Lavochkin La-5, La-5FN, La-7 and La-7U.
Type: Russian fighter plane.
Table of Contents
Though the 1938 LaGG-3 was not a particularly distinguished aircraft, several outstanding combat aircraft were derived from it. These later types had little in common with their common ancestor. Semyon Lavochkin based his later designs on the airframe of his first fighter, continually improving it throughout the war. This approach produced fine aircraft like the La-5 and La-7, which played a leading role in the war. No fewer than 15,000 Lavochkin fighters came off the assembly lines, and the last of these, airplanes were still flying in Korea in 1950.
A change of engine – to the 1,330 hp 14-cylinder Shvetsov M-82 radial - accounted for the difference between the LaGG-3 and its successors. It was late in 1941 that Lavochkin began considering the possibility of installing this engine in place of the 1,21Ohp liquid-cooled Klimov M-1O5P.
The very first tests showed that performance could be markedly improved: the new engine provided more power, and the elimination of the liquid cooling system reduced the aircraft’s weight. This latter benefit more than compensated for the larger frontal section and hence increased drag, and the aircraft’s performance was much improved. Maximum speed, for example, went up by 25 mph (40 km/h).
This type immediately replaced the LaGG-3 on the assembly line. The first production units were hybrid LaGG-5s, with the new radial engine fitted to the LaGG-3 airframe. These were delivered to units to tide them over until the definitive La-5 was ready for its baptism of fire in the spring of 1942. Production was soon in full swing, and by the Battle of Stalingrad the new Lavochkin fighter was in service all along the front.
Meanwhile, Lavochkin was working on an improved version, which was to reach units in 1943. This was the La-5FN (FN referring to the more powerful engine), with the fuel-injection M-82FN of 1,640hp. The structure was composite (with metal parts in the wing) rather than all-wood, and the controls were improved.
A year later came the La-7, incorporating aerodynamic improvements, a more powerful Shvetsov radial generating 1,850 hp, and better armament. There were three instead of two ShVAK 20 mm cannon, the engine cowling was more streamlined, and the oil radiator was moved to the lower center of the fuselage. The most striking result of these improvements was an increase of some 25 mph (ca. 40 km/h) in maximum speed over the La-5FN.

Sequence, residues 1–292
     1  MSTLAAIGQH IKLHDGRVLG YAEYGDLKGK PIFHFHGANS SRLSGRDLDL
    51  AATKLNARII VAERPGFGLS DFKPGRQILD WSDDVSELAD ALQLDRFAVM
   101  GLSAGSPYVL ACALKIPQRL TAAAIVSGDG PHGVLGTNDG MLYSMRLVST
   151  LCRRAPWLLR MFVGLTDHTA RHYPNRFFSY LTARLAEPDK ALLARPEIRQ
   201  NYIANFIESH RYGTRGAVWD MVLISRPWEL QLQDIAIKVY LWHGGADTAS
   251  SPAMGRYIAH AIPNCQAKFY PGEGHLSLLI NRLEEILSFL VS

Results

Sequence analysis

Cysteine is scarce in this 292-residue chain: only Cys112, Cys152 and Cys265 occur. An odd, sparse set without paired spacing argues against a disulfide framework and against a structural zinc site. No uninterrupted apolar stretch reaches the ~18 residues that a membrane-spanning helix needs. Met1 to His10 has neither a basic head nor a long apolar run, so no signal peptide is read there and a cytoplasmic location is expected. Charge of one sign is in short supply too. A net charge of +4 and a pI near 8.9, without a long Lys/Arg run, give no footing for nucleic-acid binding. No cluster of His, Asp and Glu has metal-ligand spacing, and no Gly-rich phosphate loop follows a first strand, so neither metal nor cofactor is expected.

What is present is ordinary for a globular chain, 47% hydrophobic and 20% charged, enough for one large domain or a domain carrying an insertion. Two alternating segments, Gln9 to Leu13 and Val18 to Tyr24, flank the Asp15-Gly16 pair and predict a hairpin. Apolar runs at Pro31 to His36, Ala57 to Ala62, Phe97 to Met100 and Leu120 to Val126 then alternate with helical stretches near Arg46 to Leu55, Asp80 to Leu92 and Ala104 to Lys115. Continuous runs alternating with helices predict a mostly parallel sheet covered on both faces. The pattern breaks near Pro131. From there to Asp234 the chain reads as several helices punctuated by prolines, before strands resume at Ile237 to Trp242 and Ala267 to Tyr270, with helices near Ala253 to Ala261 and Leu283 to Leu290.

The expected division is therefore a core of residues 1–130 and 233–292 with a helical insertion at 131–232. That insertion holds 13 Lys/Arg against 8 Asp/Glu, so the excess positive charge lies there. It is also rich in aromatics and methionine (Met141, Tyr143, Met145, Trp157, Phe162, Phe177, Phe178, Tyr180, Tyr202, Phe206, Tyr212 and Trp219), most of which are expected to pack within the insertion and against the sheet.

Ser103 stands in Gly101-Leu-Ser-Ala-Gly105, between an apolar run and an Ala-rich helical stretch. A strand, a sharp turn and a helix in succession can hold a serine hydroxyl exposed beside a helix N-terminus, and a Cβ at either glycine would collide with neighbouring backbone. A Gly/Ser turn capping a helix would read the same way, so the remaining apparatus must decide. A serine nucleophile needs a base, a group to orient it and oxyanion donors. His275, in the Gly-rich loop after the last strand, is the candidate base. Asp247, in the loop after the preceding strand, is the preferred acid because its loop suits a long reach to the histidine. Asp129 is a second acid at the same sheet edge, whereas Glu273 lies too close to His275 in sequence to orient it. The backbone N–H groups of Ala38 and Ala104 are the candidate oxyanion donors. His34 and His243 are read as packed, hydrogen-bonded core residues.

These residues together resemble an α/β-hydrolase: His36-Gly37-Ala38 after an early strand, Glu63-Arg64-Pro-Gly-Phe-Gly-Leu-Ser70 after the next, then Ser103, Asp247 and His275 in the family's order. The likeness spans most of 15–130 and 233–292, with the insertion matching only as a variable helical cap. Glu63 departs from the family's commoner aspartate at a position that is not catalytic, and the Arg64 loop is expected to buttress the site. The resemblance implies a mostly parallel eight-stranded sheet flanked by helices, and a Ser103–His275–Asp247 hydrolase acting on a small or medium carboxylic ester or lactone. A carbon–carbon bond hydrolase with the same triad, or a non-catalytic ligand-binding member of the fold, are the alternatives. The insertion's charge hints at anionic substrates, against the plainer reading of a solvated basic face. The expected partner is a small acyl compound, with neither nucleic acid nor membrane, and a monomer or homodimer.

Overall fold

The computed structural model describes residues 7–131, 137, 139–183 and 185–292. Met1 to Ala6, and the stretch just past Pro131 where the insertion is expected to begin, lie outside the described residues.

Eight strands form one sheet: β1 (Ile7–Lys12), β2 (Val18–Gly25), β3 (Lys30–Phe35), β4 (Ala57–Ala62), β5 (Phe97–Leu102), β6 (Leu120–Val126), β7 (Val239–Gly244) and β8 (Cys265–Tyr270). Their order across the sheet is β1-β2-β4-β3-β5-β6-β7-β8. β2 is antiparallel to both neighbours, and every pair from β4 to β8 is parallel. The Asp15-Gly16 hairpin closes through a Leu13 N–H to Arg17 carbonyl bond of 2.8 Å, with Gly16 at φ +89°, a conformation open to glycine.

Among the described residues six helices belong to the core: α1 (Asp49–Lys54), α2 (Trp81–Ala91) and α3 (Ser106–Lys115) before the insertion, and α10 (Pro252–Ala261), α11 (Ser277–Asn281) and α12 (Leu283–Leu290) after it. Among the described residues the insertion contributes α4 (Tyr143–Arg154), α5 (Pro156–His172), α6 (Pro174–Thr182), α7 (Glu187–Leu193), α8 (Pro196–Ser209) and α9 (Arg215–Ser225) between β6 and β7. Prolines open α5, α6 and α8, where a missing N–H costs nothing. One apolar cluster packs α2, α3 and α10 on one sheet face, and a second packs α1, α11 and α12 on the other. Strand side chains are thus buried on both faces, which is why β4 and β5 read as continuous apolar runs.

The installation of a liquid-fuelled rocket engine in the rear fuselage to provide an emergency performance boost was also studied. Some La-7s were equipped with this engine, which increased maximum speed by 10-15 per cent for short periods. The La-5 and La-7UTI two-seaters were developed for training, liaison and also observation.
The La-9 was the first in the series to be built entirely of metal. Lavochkin designed this aircraft in 1944, and examples were delivered to units late in the war.
This was a radically different airplane, even though it outwardly resembled its predecessors. The wing was completely redesigned, the armament comprised four cannon, and the engine generated 1,870 hp, The top speed of the La-9 was over 430 mph (690 km/h) at sea level, range was almost 1,100 miles (1,725km), and time to 16,250 ft (5,000 m) was four minutes and two seconds.
This model, after a series of structural changes, led to the final version of the series, the Lavochkin La-11. Appearing just after the war, the La-11 was the Soviet Air Force’s last piston-engined fighter.
The Lavochkins were well-liked by their crews, and some of Russia’s top aces flew them, including Ivan Kozhedub. Three times Hero of the Soviet Union and the leading Allied ace, he achieved all of his 62 victories in Lavochkin fighters.
The last of these was a Lavochkin La-7, issued to him in July 1944. In it, Kozhedub shot down 17 German aircraft, including a Messerschmitt Me 262 jet.
Users: Russia (Red Air Force).
Specifications Lavochkin La-5FN
|Power plant||one 1,700 hp Shvetsov M-82FN 14-cylinder two-row radial engine|
|Wing span||32 ft 2 in (9.80 m)|
|Length overall||27 ft 10.75 in (8.46 m)|
|Height overall||9 ft 3 in (2.84 m)|
|Weight loaded||7,406 lb (3,359 kg)|
|Maximum speed||403 mph (650 km/hr)|
|Initial climb||3,600 ft/min (1,100 m/min)|
|Service ceiling||32,800 ft (10,000 m)|
|Range||475 miles (765 km)|
|above engine||2 x 20mm ShVAK cannon (each with 200 rounds)|
|Underwing racks||light bombs up to total of 330 lb (150 kg)|
|First flight (re-engined LaGG-3)||January 1942|
|Production delivery||La-5 in June 1942, La-5FN late 1942, La-7 about June 1943|
|Production figures||Total: 15,000|
References and literature
Combat Aircraft of World War II (Bill Gunston)
Technik und Einsatz der Kampfflugzeuge vom 1. Weltkrieg bis heute (Ian Parsons)
Das große Buch der Luftkämpfe (Ian Parsons)
Flugzeuge des 2. Weltkrieges (Andrew Kershaw)
World Aircraft World War II (Enzo Angelucci, Paolo Matricardi)
The Encyclopedia of Weapons of World War II (Chris Bishop)
La 5/7 Fighters in action (Don Geer / Aircraft Number 169 squadron/siganal productions)